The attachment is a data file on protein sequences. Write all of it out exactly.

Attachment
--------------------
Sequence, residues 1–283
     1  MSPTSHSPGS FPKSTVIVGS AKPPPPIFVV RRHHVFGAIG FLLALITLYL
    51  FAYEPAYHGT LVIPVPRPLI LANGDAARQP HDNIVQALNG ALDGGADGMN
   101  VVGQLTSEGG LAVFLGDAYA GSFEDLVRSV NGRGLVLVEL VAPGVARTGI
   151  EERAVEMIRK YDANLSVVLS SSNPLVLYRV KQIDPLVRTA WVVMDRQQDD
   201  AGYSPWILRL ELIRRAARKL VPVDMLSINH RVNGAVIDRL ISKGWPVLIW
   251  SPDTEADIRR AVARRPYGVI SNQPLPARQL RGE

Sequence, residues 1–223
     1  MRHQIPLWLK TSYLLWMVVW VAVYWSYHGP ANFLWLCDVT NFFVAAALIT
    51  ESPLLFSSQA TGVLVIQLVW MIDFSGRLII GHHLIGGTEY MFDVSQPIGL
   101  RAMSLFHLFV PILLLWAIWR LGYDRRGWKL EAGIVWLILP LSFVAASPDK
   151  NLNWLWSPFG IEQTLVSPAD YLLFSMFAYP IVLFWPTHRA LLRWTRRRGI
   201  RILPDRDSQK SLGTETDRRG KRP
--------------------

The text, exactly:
Sequence, residues 1–283
     1  MSPTSHSPGS FPKSTVIVGS AKPPPPIFVV RRHHVFGAIG FLLALITLYL
    51  FAYEPAYHGT LVIPVPRPLI LANGDAARQP HDNIVQALNG ALDGGADGMN
   101  VVGQLTSEGG LAVFLGDAYA GSFEDLVRSV NGRGLVLVEL VAPGVARTGI
   151  EERAVEMIRK YDANLSVVLS SSNPLVLYRV KQIDPLVRTA WVVMDRQQDD
   201  AGYSPWILRL ELIRRAARKL VPVDMLSINH RVNGAVIDRL ISKGWPVLIW
   251  SPDTEADIRR AVARRPYGVI SNQPLPARQL RGE

Sequence, residues 1–223
     1  MRHQIPLWLK TSYLLWMVVW VAVYWSYHGP ANFLWLCDVT NFFVAAALIT
    51  ESPLLFSSQA TGVLVIQLVW MIDFSGRLII GHHLIGGTEY MFDVSQPIGL
   101  RAMSLFHLFV PILLLWAIWR LGYDRRGWKL EAGIVWLILP LSFVAASPDK
   151  NLNWLWSPFG IEQTLVSPAD YLLFSMFAYP IVLFWPTHRA LLRWTRRRGI
   201  RILPDRDSQK SLGTETDRRG KRP